Not only does the music keep the player reminded that they have the same goal as when they first started, it keeps them updated on their progress. As the population grows and the city expands, so does the music. In the early stages of the game, the music only has a few instruments, playing sparsely  with not much weight, but as the city becomes more significant, the music grows to a full orchestra. I would go as far as to say that this music personifies the city the player is building. The music represents the city and describes it's communication with the player. When the player decides to zoom in for a close look at a certain part of the city, the music will become more guitar based and intimate, but if you zoom out to the region view the orchestra will return as you look at the grand scale of your achievement. Not only this but most tracks have an alternate Night Mix, which moves from a focus on orchestral instruments to clean electric guitars with reverb, and an overall quieter, more subdued tone. (Also the recent cities of tomorrow expansion adds more synths and futuristic timbres to the mix)



A lot of the dynamic shifts in music within the game are thanks to the texture of the score. Texture as a musical term refers to the number of instruments and the range they have (for example a full orchestra all playing at once has a thicker texture than a solo flute). The texture is constantly changing depending on the size of the city and the zoom level, but there are some parts of the overall texture which stay consistent throughout which really lend this game's soundtrack it's character. The music will rarely feature a prominent, unified percussion section. It instead has many percussive instruments playing many different rhythmic patterns all at once. Small triangle chimes and shaker shakes and all manner of things consistently line the score. This ends up sounding like tiny construction workers all over the place. Similarly, in the more still moments of the game the score may only be a solo flute with some block chords accompanying, but in the more large moments of the soundtrack, there are so many instruments playing so many different, intertwining parts that sometimes it's hard to keep track of it all. It all so perfectly encapsulates the hustle and bustle of a busy, developing city and when combined with the dynamic response to the in game actions it really brings the city to life in a way I don't believe any other other game has ever achieved.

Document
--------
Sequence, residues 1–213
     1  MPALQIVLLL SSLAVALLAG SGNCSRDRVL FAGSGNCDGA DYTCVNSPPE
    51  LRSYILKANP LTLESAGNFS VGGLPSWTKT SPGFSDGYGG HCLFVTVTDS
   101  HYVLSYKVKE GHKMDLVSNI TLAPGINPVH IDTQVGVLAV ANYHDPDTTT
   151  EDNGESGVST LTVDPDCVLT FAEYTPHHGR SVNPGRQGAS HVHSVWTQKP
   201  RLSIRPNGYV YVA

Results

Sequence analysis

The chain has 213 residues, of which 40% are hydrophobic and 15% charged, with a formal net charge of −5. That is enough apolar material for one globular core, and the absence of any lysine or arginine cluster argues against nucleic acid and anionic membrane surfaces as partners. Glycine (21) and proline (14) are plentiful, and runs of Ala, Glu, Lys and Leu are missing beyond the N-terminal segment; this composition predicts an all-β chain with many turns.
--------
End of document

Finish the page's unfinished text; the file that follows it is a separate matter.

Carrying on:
It is a true shame that SimCity's excellent soundtrack was hidden under a pile of controversy and corporate mischief, but perhaps given the game's recent offline patch, perhaps it is the perfect time to jump into SimCity and experience the glorious score for yourself.

What do you think? Are there any other games that have great soundtracks that were ignored due to them being a mediocre, or unpopular games? Should SimCity be given a second chance? I'd love to hear your thoughts. 

If you enjoyed this article and want to read more, you can check out this interview with the composer, or this blog post from the games audio director. Also you can get the album on iTunes.
Thanks for reading.